What We’re Reading: Worm Bots, Dark Energy and Climate Psychology

BY Jenny Marder  January 17, 2011 at 1:42 PM EST

Why Dire Climate Warnings Boost Skepticism

Dire predictions on climate change don’t seem to be working. Even while scientific evidence that humans are causing global warming continues to mount, belief in climate change doesn’t. So why the disconnect? A small group of people who study the psychology of climate change belief may have some ideas on how to better communicate the problem. (Matt Kaplan, Nature News)

Making a Worm Do More Than Squirm

On a team of Harvard researchers who have created “worm bots completely under their control.” Using a dot of laser light to silence and stimulate neurons, they’ve made the worms start, stop, freeze and even lay an egg. And by doing this they’re picking apart their behavior, cell by cell. (Laura Sanders, Science News)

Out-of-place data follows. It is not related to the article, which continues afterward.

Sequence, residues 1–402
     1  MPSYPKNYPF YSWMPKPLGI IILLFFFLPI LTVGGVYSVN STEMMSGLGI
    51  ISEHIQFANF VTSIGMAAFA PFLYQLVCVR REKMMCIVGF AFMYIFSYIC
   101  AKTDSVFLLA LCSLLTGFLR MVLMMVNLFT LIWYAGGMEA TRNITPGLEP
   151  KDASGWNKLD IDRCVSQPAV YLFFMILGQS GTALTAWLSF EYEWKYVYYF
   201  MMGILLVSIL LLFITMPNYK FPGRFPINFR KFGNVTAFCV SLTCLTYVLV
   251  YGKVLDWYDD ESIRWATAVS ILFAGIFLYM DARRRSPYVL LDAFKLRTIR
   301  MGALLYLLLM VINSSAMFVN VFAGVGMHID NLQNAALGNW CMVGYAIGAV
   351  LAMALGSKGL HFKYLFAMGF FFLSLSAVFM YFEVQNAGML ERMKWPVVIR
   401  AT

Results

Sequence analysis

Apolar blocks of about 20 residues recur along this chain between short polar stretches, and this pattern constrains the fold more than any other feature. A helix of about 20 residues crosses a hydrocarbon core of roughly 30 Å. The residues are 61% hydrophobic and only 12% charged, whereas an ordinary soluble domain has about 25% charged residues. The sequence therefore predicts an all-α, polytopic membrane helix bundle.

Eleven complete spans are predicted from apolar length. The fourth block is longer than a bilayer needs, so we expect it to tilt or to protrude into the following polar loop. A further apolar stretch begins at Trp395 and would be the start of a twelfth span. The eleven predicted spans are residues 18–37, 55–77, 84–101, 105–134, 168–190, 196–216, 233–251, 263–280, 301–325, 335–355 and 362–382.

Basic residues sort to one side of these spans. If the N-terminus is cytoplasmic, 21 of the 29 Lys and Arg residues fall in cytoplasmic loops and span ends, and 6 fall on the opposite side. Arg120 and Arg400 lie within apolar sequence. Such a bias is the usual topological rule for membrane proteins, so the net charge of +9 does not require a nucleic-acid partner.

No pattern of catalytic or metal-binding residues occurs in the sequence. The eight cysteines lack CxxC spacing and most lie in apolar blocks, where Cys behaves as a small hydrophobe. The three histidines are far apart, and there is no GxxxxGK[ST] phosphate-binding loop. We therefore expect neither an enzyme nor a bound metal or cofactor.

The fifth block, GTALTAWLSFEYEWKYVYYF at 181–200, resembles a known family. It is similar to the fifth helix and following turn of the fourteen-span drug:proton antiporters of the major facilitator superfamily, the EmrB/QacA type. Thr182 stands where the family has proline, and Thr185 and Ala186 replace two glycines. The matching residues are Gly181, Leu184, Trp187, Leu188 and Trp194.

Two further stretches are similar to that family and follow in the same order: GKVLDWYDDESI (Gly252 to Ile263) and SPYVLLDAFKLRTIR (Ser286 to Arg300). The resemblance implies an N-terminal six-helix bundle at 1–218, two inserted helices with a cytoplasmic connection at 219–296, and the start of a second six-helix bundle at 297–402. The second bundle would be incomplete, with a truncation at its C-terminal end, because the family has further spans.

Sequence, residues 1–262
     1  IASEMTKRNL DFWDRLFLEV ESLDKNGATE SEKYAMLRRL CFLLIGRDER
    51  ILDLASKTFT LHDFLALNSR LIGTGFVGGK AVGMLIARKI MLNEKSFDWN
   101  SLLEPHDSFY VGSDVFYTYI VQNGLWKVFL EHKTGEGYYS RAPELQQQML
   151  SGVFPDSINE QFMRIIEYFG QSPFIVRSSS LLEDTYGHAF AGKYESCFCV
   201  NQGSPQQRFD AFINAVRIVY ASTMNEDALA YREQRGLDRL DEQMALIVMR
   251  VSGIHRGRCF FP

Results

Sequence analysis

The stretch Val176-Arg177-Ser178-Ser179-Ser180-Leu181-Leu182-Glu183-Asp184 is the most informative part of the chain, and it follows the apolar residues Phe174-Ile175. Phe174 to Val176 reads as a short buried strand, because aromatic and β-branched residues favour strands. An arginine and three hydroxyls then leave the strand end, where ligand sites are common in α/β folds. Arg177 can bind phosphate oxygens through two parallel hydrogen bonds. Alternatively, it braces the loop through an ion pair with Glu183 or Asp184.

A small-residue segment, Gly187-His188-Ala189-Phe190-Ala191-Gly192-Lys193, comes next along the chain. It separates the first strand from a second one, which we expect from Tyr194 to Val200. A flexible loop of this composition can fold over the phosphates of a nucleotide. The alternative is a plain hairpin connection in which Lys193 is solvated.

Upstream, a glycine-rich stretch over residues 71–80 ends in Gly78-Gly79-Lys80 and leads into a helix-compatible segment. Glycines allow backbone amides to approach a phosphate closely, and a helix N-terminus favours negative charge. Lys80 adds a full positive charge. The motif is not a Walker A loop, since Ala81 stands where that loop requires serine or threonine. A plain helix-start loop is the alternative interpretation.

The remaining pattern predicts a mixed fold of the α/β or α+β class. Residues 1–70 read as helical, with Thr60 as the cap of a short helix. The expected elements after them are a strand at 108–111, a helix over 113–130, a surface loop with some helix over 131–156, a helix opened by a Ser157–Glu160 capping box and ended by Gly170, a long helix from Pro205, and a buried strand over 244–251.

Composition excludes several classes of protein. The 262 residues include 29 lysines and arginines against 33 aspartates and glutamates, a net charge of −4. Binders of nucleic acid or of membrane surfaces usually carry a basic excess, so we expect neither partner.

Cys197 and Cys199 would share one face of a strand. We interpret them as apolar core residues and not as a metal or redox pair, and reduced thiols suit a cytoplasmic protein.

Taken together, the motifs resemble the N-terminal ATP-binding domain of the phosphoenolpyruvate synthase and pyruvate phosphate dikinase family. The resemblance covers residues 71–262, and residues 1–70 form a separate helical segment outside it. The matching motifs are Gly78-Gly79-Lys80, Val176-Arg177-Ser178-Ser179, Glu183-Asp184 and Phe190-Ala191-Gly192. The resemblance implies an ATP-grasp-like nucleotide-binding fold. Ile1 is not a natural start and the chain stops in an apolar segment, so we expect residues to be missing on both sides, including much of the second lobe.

Darkness on the Edge of the Universe

In case, you missed it, here’s science writer, professor and string theorist Brian Greene’s op-ed in the Sunday New York Times on dark energy and the expanding universe. It also poses some weighty questions about the future of astronomy, once light from distant galaxies expands beyond our capacity to see it. This includes some good science history, and clear descriptions of some of the hardest-to-understand stuff of astrophysics. (Briane Greene, New York Times)

The Social Animal

In the New Yorker this week, David Brooks writes about brain science and the role that human emotion plays in happiness. We are wired to connect, he says. You can find a related Q & A with him on the piece here. The story focuses on what Brooks calls the “Composure Class,” which includes people who fight against lactose intolerance, and possess 160-pound dogs and perfectly toned forearms. But at its essence is a look at the neuroscience of fulfillment. (David Brooks, The New Yorker)

And in case you missed them, some stories from our Science page last week:

After Haiti Quake, Using Science to Build Sturdier Buildings

New Dinosaur Fossils Shift Family Tree

Australia Flooding Threatens Already Sensitive Great Barrier Reef

How Close Are We to Finding an Earthlike Planet